Your health care provider will likely ask you about your symptoms and ask whether you've had a recent cold, suffer from allergies, smoke regularly or are exposed to secondhand smoke as these factors may contribute to sinus infection.
During a physical exam, your health care provider may test for sinus infection by:
Feeling for tenderness in the sinus area.
Shining a light into your nasal passages to look for inflammation.
Ruling out nasal polyps or other deformities.
If the results of the physical exam are vague or symptoms persist, you're health care provider may order imaging studies or laboratory tests such as:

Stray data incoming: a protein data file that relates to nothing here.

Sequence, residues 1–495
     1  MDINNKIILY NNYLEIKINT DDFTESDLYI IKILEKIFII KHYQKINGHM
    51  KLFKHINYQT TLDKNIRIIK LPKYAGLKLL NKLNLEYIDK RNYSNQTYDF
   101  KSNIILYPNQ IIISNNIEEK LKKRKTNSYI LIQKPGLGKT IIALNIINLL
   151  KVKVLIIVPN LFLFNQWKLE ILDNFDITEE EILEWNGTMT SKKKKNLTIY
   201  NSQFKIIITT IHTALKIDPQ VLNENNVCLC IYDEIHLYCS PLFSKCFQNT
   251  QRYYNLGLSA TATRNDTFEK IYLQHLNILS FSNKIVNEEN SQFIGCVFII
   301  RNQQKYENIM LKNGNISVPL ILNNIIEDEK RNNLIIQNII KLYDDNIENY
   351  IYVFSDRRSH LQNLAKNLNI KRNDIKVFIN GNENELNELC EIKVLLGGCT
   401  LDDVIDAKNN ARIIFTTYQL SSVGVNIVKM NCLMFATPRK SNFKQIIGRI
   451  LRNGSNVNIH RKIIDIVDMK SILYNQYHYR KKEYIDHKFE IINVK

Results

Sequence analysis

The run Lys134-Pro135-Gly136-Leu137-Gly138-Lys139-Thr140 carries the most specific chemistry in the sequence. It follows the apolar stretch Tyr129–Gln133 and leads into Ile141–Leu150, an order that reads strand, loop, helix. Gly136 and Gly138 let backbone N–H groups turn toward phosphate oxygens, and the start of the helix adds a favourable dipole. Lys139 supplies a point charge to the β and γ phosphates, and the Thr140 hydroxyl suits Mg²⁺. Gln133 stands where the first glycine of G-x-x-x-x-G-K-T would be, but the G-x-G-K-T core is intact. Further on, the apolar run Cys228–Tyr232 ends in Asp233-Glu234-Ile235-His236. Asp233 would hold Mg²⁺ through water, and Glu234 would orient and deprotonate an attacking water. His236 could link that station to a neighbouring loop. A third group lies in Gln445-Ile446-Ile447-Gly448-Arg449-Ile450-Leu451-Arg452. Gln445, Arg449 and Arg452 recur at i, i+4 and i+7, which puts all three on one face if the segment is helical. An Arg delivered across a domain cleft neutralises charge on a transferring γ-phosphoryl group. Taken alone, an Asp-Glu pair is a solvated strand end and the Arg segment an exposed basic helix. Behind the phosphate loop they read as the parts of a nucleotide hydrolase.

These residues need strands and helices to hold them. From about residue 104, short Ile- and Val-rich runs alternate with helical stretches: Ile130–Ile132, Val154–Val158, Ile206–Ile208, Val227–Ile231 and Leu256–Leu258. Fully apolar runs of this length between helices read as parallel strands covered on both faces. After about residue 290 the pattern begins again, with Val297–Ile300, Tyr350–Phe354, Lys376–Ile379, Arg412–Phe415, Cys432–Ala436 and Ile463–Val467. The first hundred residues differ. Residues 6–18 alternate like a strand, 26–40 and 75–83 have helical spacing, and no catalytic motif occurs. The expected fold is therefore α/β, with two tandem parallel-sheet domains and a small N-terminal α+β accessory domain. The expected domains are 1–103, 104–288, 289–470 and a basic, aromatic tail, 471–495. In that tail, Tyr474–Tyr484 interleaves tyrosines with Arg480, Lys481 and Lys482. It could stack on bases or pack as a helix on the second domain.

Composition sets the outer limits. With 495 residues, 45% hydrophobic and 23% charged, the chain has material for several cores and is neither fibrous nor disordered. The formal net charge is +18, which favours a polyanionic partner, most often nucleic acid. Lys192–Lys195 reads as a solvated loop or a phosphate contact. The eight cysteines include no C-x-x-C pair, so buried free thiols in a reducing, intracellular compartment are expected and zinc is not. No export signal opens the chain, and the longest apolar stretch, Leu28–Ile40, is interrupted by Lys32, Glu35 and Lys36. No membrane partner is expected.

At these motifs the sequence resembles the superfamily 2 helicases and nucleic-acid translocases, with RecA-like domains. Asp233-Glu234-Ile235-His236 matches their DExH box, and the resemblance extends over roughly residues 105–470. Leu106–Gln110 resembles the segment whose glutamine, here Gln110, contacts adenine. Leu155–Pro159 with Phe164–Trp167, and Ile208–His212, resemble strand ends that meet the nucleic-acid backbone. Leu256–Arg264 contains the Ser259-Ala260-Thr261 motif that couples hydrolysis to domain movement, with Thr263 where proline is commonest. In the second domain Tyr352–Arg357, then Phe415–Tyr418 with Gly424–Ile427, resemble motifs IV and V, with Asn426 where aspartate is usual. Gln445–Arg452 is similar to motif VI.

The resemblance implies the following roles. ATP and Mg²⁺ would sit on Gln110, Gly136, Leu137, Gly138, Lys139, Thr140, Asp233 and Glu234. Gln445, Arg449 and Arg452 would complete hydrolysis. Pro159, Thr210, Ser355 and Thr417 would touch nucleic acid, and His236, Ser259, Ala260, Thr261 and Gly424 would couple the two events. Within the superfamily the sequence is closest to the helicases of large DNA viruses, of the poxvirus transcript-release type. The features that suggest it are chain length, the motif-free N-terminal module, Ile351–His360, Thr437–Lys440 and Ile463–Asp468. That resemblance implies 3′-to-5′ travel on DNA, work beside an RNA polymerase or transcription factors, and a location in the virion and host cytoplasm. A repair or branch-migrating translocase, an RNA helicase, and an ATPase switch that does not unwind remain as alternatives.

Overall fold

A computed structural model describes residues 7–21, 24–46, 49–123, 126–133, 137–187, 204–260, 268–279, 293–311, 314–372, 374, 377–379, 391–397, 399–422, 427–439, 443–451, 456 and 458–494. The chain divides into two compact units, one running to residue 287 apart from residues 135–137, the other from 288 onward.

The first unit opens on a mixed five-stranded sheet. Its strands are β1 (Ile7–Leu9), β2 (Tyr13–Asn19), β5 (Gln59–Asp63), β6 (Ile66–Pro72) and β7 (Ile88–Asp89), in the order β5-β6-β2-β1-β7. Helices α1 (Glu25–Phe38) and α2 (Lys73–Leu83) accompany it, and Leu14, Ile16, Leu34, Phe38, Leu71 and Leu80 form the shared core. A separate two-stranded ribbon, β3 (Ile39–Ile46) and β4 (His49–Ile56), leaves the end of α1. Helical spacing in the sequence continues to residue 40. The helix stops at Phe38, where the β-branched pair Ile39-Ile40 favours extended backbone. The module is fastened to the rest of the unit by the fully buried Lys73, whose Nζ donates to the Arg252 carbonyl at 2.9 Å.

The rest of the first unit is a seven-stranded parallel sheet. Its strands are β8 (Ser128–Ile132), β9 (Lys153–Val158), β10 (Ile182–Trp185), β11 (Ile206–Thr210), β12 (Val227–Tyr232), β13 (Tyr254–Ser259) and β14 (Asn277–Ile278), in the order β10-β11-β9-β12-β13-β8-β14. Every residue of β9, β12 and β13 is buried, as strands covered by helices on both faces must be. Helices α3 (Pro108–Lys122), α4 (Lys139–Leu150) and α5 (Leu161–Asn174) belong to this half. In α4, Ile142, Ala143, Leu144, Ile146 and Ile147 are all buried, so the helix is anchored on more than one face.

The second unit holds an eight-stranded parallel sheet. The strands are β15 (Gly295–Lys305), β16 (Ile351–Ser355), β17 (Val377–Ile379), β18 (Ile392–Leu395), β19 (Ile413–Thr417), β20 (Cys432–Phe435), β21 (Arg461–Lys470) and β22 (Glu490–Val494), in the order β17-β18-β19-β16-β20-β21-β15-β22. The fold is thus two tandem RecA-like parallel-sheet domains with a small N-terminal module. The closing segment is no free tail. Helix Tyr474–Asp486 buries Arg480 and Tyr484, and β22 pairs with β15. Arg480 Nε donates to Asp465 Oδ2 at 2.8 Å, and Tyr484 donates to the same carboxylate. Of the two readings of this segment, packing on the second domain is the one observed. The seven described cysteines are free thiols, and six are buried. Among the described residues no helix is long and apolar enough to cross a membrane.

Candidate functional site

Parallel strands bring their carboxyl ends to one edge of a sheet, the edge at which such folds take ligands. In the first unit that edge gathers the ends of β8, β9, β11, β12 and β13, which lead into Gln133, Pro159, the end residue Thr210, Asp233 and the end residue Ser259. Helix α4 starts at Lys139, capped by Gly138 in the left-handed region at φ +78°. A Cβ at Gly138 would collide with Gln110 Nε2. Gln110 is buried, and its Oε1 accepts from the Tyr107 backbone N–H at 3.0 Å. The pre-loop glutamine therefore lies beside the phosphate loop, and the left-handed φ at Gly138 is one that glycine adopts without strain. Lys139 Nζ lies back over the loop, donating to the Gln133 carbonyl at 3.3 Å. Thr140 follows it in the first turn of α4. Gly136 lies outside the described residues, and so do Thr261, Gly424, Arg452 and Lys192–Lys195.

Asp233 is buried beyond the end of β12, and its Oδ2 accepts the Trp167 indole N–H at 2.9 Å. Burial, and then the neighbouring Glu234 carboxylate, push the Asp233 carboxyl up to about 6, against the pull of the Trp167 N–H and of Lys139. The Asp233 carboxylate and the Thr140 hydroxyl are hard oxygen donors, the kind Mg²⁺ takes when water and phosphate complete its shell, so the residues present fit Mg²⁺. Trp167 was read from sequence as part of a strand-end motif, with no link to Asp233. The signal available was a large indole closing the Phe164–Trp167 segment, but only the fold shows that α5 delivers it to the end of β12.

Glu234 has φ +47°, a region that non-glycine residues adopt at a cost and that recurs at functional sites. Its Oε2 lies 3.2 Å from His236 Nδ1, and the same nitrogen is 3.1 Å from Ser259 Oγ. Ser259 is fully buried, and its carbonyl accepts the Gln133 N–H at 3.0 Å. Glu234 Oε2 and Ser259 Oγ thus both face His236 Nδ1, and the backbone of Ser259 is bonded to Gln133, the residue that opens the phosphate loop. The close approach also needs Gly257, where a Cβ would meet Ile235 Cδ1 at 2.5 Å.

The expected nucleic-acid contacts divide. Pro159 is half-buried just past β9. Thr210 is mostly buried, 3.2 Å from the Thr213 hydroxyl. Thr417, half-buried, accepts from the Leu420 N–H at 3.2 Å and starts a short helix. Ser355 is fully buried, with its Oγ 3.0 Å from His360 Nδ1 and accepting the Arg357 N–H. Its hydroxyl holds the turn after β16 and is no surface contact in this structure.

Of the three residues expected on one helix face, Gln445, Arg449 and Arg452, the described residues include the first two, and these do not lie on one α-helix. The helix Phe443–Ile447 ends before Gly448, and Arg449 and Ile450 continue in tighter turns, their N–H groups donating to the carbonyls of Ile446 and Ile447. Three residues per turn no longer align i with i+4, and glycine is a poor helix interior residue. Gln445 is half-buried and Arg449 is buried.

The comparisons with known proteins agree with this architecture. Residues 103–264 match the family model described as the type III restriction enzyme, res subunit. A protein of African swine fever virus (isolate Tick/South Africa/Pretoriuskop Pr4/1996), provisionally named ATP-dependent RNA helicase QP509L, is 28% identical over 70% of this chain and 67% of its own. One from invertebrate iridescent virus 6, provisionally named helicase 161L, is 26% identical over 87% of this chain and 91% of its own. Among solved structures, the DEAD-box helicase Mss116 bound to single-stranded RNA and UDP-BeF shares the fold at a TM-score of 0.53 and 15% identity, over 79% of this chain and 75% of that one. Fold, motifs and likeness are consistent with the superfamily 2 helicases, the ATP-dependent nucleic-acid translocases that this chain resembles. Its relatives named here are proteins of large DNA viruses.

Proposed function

A computed tomography (CT) scan to confirm sinus infection.
Blood tests to rule out other conditions associated with sinus infection like an immune deficiency disorder or cystic fibrosis.
Cultures (special blood tests) to detect bacterial or fungal infection.
A biopsy to determine the health of the cells lining the nasal cavity.
If you have chronic sinus infection (lasting 8 weeks or more) or recurrent sinus infection (several separate attacks within a year), further laboratory tests may be used to find an underlying disorder. This may involve sweat chloride tests for cystic fibrosis, ciliary function tests, blood tests for HIV, or other tests for immunodeficiency, allergy testing, or nasal cytology (checking the cells in the nasal secretions).